– Marge Loch-Wouters, Youth Services Coordinator, La Crosse (WI) Public Library
I really believe that whenever possible, the person on leave stay in touch with their library, either through listservs and other email methods, occasional phone conversations, conference calls for committees or other pertinent professional events that the person would have attended or in which they would have been involved.    Offer to have those at work call you at home when something of importance is about to happen–more of an FYI or courtesy than actually asking for input or opinions.  I say all of  this, because it the person is truly planning to return to their jobs, it is best to keep abreast of what is going on, rather than have to play major catch up upon one’s return.    The person should also read the literature also, just to make sure that you don’t completely remove yourself from the profession in your absence.  ALA members receive American Libraries, and others may subscribe to that or Library Journal, etc.  And of course there is the web.
Some colleges or universities may frown upon, or just plain not allow active participation in committee work or conference calling.  If that is the case, then I would recommend doing the other things I mentioned above–staying abreast of things on listservs, webpages, occasional phone calls to friends/colleagues just be kept up to speed.  Some people like to just “unplug” when they are away from their jobs, but if one is only on leave, and plans to return at some point, I don’t think that is a good idea for more than a couple of weeks.  In addition to the person on leave remaining informed, it is good for he/she to be remembered by colleagues, not out of sight out of mind.
– Sharon Britton, Library Director, BGSU – Firelands
Samantha Thompson-FranklinI have some personal experience from 2 short term maternity leaves. So here are a few suggestions that I have:
*Keep up as best as you can with the professional literature, either via online or in print publications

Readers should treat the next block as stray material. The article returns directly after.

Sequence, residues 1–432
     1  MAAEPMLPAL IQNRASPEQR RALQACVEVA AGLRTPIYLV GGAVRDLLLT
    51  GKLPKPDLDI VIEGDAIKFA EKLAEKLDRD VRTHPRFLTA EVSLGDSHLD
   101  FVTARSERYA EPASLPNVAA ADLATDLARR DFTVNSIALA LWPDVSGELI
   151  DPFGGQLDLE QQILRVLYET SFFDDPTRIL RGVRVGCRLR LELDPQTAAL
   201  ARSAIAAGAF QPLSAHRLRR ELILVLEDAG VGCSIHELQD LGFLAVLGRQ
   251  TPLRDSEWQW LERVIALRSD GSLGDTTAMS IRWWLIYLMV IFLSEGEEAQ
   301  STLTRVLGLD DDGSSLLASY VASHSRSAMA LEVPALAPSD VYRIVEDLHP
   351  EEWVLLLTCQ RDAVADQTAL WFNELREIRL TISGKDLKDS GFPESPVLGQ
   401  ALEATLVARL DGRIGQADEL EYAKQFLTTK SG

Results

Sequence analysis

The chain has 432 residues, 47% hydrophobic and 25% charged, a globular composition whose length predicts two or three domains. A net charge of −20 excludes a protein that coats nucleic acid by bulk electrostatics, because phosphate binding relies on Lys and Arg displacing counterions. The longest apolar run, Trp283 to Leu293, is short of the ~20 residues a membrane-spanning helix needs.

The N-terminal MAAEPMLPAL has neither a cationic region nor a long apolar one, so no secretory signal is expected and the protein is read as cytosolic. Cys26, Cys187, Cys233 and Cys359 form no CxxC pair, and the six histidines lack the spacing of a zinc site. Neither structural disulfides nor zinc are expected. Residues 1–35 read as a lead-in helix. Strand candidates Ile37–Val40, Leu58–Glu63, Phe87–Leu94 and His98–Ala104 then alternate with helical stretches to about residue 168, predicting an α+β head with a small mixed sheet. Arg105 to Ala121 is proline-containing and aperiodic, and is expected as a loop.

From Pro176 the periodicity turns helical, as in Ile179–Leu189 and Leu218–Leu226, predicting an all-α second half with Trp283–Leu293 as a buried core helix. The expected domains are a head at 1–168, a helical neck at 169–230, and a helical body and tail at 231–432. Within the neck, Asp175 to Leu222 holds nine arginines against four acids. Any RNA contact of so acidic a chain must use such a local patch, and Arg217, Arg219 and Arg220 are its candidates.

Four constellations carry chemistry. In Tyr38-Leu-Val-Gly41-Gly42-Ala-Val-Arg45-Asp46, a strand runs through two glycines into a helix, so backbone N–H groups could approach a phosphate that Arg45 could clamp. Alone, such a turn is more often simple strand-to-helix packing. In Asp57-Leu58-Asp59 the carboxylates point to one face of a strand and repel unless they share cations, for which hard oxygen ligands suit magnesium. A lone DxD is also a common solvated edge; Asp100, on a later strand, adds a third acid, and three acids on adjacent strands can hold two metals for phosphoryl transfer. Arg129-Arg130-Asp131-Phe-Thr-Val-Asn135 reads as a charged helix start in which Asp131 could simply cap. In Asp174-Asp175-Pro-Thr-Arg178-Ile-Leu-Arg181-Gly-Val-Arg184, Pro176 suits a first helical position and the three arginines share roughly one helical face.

*Become involved or stay involved in any professional association committees at the local or national level
*Take advantage of any professional development opportunities, either face-to-face in your local area or online through webinars
*Continue to keep in touch and network with colleagues
*Look for opportunities to contribute through writing for a blog or a professional publication, if that’s of interest to youSome of these suggestions will depend upon how much time and resources/funding you have available to you, but they should help to you keep you involved and stay professional relevant.

– Samantha Thompson-Franklin, Associate Professor/Collections & Acquisitions Librarian, Lewis-Clark State College Library
Thank you as always to our contributors for their time and insight. 

If you’re interested in participating in this feature, please email me at hiringlibrariansATgmail.

And thanks to YOU for reading! 

Now is the winter of our discontent made glorious summer, by your comments.

*Edited 2/3/2013 to add in answer by Samantha Thompson-Franklin


Filed under Academic, Cataloging/Technical Services, Extended Leaves of Absence, Further Questions, Other Organization or Library Type, Public, Topical Series

Further Questions: Any Tips for Out-of-Area Applicants?

Here’s final question in a series of six from the reader who asked when candidates shouldn’t applyif current employment status matters, how the initial selection of candidate works, for some cover letter hooks that worked, and if knowledge of specific tools was important. This week I asked people who hire librarians:

How much does the geographic location of the applicant matter to you? Any tips for out-of-area applicants?

Petra Mauerhoff

The geographic location doesn’t matter when we are trying to find the best candidate for the job. As long as the applicant is legally permitted to work in Canada and has the proper qualifications, we want to hear from you.
Since our organization is located in a medium sized town, all the folks with library related education tend to know each other or at least know of each other. When we post a position requiring library related qualifications, we can generally guess whether or not we will have local applicants.